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Sri Lanka Anti-Conversion Bill on Review

One of two bills that will severely limit evangelism and conversion to the Christian faith in Sri Lanka is due to go to its second reading this Friday before the Sri Lankan parliament

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By Kenneth Chan, Christian Post Editor
May 4, 2005|10:39 am

One of two bills that will severely limit evangelism and conversion to the Christian faith in Sri Lanka is due to go to its second reading this Friday before the Sri Lankan parliament, says a UK-based Christian human rights charity group.

The bill, proposed by the Buddhist nationalist party Jathika Hela Urumaya (JHU), was struck down last year by the Supreme Court - which ruled two clauses of the bill as being unconstitutional.

“We are deeply concerned that the Government’s anti-conversion bill is again before Parliament,” stated Stuart Windsor, National Director of Christian Solidarity Worldwide. “This bill, if passed, would profoundly violate religious freedom in Sri Lanka.”

The JHU bill, known as the “Prohibition of Forcible Conversions of Religions Bill”, if enacted, would require individuals who convert from one religion to another to inform the local authorities within a prescribed period. Those who fail to notify the authorities can be imprisoned for up to five years or fined up to 150,000 Rupees ($1,500 USD).

According to CSW, the proposed law also states that: “No person shall convert or attempt to convert, either directly or otherwise, any person from one religion to another by the use of force or by allurement or by any fraudulent means, nor shall any person aid or abet any such conversions.”

Anyone who breaches this law would be subject to up to five years imprisonment and a fine of up to 150,000 Rupees. Should a minor, a woman, a physically or mentally disabled person, a prisoner, a student, a refugee or a hospital patient is converted by “fraudulent means”, the penalty is seven years imprisonment and a fine of 500,000 Rupees ($5,010 USD).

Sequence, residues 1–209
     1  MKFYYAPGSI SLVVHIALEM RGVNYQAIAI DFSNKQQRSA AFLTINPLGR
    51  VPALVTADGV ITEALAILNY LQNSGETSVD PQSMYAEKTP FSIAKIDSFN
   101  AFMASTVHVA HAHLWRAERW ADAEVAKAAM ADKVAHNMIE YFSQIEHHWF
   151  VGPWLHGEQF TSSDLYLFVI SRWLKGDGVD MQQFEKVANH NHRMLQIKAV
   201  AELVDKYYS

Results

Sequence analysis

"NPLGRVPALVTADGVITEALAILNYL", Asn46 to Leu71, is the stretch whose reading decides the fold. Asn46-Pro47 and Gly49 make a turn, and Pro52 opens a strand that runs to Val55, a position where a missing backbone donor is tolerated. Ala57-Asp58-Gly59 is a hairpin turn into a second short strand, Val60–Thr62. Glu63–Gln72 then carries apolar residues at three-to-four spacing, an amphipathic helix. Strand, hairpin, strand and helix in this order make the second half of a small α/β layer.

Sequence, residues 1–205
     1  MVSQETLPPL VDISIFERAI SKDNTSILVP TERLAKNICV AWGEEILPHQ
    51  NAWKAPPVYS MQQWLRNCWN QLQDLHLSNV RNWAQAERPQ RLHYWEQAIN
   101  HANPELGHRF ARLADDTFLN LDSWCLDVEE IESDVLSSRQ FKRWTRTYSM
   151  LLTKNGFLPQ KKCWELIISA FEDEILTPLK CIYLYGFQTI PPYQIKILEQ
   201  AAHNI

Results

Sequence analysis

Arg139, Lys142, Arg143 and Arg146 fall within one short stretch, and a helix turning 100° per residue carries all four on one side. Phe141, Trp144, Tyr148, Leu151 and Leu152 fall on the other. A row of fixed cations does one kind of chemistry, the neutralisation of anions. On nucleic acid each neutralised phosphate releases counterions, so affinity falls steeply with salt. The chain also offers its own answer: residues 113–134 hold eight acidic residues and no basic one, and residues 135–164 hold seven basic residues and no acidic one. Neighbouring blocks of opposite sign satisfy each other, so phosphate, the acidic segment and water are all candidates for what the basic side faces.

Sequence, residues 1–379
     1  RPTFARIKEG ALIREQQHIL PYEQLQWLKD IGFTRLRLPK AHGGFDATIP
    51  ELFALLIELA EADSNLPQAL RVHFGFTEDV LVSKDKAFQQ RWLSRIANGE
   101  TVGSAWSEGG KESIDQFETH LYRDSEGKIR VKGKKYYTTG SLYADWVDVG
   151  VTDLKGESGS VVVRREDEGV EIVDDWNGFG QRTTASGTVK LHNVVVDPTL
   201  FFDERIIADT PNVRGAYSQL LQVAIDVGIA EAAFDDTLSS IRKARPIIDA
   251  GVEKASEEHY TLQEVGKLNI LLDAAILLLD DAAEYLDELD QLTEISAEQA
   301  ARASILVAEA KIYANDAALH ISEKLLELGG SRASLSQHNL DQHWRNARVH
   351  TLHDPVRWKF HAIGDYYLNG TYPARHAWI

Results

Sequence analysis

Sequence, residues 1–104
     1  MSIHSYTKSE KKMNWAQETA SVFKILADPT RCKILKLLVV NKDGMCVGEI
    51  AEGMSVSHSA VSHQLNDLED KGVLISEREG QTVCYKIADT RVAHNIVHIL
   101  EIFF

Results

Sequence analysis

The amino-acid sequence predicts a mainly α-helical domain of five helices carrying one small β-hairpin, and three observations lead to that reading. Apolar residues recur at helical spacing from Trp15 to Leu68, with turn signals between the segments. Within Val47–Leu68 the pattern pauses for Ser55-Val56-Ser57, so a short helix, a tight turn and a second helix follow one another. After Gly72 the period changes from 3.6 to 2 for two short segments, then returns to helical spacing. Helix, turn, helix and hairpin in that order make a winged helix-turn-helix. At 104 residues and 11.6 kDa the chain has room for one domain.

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Meanwhile, CSW reports that a second bill proposed by the Government, called the Act for Religious Freedom, seems to have been postponed while the JHU bill is tested before Parliament.

According to CSW, the government bill has been approved by the Cabinet and stipulates that no person should “unethically convert or attempt to unethically convert any other person espousing one religion…to another religion, religious belief, religious persuasion or faith which such person does not hold or belong to.”

While Buddhist groups have criticized the activities of a minority of evangelical Christians, accusing them of unethical and insensitive conduct, major Christian groups, including the Catholic Bishops Conference, the National Christian Council and the National Christian Evangelical Alliance of Sri Lanka (NCEASL), have offered alternative means of addressing the concerns of Buddhist and Hindu groups in Sri Lanka.

NCEASL, CSW’s partners in Sri Lanka, issued a statement reiterating their “strong condemnation of any unscrupulous or unethical practices.” However, the alliance also expressed “deep concern and regret” at the latest developments.

According to the NCEASL, the proposed bill would “enforce limitations on religious freedom, legitimize violence and harassment of minority religious groups and further de-fragment our already divided society.”

Windsor similarly said, “We oppose unethical conversions and are sensitive to the concerns of Buddhists in Sri Lanka. We have listened to their views, but we would encourage the Government to work with the churches and the other religious groupings to explore non-legislative options as a way forward.

“We urge Sri Lankan Parliamentarians to vote against this bill, and we will continue to campaign to that effect,” the CSW Director added.

CSW, in partnership with the NCEASL, has been lobbying hard to prevent either bill from becoming law.

 

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